Valentine’s Day is coming up on Friday (Feb. 14). To celebrate, several restaurants, stores and places in the Tysons area are offering themed events this week.
Here’s where to find restaurant deals, parties and even a Valentine’s Day Zumba class.
Several restaurants in Tysons are offering Valentine’s Day meals and specials.
From 5-10 p.m. on Friday, La Sandia (7852 Tysons Corner Center) will have a three-course menu for two ($35) with dishes like chunky tuna guacamole, carne tampiquena and espresso tres leches.
Turkish Coffee Lady Café, a woman-owned small business in Tysons Corner Center, will have “coffee readings” on Friday from 11 a.m.-4 p.m.
“The promotion is inspired by the Turkish tradition of reading your fortune in the coffee grounds found at the bottom of the cup after enjoying a delicious brew: Turkish coffee dregs known as ‘telve’ allows fortune readers to see your future in the most scrumptious way,” according to a Facebook post.
Looking for a unique dining experience? Greenhouse Bistro (2070 Chainbridge Road) will have “Dining in the Dark” from 7:30-9:30 p.m. on Friday, where diners eat a four course prix-fixe meal while blindfolded.
Looking to break a sweat instead? Sport & Health McLean (1800 Old Meadow Road) will have a Valentine’s Day Zumba Party from 6-7:30 p.m. on Friday.
Merrifield and Vienna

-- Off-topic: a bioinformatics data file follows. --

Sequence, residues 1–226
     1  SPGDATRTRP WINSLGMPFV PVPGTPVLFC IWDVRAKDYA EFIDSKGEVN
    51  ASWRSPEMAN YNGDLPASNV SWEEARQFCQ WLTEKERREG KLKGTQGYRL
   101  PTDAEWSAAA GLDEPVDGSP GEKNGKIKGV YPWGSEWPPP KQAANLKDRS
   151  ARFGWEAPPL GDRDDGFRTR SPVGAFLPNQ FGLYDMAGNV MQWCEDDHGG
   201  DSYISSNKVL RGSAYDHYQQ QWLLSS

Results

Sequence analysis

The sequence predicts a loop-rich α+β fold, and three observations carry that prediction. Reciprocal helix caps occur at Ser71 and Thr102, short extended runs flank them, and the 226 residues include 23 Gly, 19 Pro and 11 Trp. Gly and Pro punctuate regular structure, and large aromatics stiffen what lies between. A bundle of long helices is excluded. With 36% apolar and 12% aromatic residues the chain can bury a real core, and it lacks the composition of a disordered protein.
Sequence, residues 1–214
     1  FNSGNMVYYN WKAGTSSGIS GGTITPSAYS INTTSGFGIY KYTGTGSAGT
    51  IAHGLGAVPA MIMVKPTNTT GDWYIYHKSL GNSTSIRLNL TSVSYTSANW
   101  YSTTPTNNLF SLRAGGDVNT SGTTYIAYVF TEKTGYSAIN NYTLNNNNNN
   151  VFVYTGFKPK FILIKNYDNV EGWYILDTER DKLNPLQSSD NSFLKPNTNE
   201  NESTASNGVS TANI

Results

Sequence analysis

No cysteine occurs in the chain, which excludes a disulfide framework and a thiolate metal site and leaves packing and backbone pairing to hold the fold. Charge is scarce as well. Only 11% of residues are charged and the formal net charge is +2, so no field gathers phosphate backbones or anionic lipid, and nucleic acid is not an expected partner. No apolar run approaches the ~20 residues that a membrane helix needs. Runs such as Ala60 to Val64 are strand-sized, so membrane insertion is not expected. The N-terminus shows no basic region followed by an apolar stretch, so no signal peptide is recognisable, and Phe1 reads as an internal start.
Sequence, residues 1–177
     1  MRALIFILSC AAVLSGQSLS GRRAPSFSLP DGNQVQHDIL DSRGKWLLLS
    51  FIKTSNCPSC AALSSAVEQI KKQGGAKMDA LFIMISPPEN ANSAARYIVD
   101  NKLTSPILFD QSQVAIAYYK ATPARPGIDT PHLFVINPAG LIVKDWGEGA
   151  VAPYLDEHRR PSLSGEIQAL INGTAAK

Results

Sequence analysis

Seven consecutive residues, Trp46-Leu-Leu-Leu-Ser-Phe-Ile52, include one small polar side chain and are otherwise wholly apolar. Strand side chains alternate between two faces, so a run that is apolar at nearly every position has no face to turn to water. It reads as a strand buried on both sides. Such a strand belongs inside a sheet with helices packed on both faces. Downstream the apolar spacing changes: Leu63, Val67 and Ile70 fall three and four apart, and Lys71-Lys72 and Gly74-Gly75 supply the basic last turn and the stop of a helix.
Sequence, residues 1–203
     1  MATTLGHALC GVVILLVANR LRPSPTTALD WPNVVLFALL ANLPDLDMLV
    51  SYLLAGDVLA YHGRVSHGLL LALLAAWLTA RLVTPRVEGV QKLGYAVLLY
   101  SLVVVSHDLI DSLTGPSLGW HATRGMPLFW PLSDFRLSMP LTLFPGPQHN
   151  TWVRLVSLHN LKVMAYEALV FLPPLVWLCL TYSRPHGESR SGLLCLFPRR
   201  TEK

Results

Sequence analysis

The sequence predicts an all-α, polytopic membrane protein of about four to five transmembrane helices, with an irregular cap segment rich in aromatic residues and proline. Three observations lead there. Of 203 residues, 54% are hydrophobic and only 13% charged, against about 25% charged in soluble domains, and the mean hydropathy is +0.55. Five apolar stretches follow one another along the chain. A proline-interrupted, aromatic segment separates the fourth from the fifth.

The “All You Need is Love” party for people ages 55+ at the Vienna Community Center (120 Cherry Street SE) will provide attendees with a meal from The Davis Center.
The party, which is being hosted in partnership with the Shepherd’s Center of Oakton-Vienna, is set to run from noon-2 p.m. on Tuesday, Feb. 11. Tickets are $18 per person.
True Food Kitchen (2910 District Avenue) is offering a pre-fixe menu on Valentine’s Day weekend from Feb. 14-16.
On Saturday (Feb. 15), Undeniable Boutique will have “Certified Lipsologist” Ariana Lightningstorm give a palm reading for people’s lips.
Photo by freestocks.org on Unsplash
Vienna police arrested a 28-year-old man who allegedly was drunk and harassing a customer at Zenola.
The incident happened shortly after 9 p.m. on Wednesday, Feb. 5.
Police said that an employee at the Mediterranean restaurant asked the man to leave the premises when he started harassing a customer.
“The man was later found lying in the alley behind the business,” police said. “Officers responded with rescue personnel and determined the man was intoxicated.”
The man, who is from Magarity Road in Falls Church, “became disorderly with the rescue personnel while they were assessing him and treating a minor injury,” police said.
He was arrested for being drunk in public and was transported to the Fairfax County Adult Detention Center.
In a separate incident, Vienna police said a Jammin Java employee reported that someone vandalized the front patio area with paint. The incident happened between 6:30-8:38 p.m. on Saturday, Feb. 1.
Photo via Zenola/Facebook